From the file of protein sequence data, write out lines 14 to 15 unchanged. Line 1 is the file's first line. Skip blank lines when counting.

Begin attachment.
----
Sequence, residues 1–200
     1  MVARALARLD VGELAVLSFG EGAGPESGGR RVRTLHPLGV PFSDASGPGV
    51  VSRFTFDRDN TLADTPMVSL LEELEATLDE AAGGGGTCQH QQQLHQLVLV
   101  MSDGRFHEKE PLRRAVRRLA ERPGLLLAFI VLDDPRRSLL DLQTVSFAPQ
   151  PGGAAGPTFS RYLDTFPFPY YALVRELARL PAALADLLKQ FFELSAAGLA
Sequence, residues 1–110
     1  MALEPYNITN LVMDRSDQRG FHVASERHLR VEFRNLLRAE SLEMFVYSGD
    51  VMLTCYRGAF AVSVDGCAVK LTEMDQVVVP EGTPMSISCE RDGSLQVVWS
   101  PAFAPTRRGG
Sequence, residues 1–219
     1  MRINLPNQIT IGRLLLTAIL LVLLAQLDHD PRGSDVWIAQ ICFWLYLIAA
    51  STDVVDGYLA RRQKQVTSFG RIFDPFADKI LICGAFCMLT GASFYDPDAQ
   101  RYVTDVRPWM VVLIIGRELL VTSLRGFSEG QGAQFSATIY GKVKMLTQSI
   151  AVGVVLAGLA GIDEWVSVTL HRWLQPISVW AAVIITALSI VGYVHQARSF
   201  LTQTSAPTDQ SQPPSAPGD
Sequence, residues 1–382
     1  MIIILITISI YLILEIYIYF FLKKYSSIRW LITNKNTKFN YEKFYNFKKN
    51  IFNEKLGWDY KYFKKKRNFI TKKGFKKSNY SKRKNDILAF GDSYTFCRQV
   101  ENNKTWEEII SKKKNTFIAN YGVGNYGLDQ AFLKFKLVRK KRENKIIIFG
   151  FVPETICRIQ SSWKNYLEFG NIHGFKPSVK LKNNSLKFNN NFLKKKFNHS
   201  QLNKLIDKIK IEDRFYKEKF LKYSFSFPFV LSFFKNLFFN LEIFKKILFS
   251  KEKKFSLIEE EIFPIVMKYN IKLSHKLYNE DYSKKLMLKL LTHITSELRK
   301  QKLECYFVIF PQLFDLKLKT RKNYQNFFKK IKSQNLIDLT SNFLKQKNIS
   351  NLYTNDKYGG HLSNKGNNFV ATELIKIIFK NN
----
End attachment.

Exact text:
   151  AVGVVLAGLA GIDEWVSVTL HRWLQPISVW AAVIITALSI VGYVHQARSF
   201  LTQTSAPTDQ SQPPSAPGD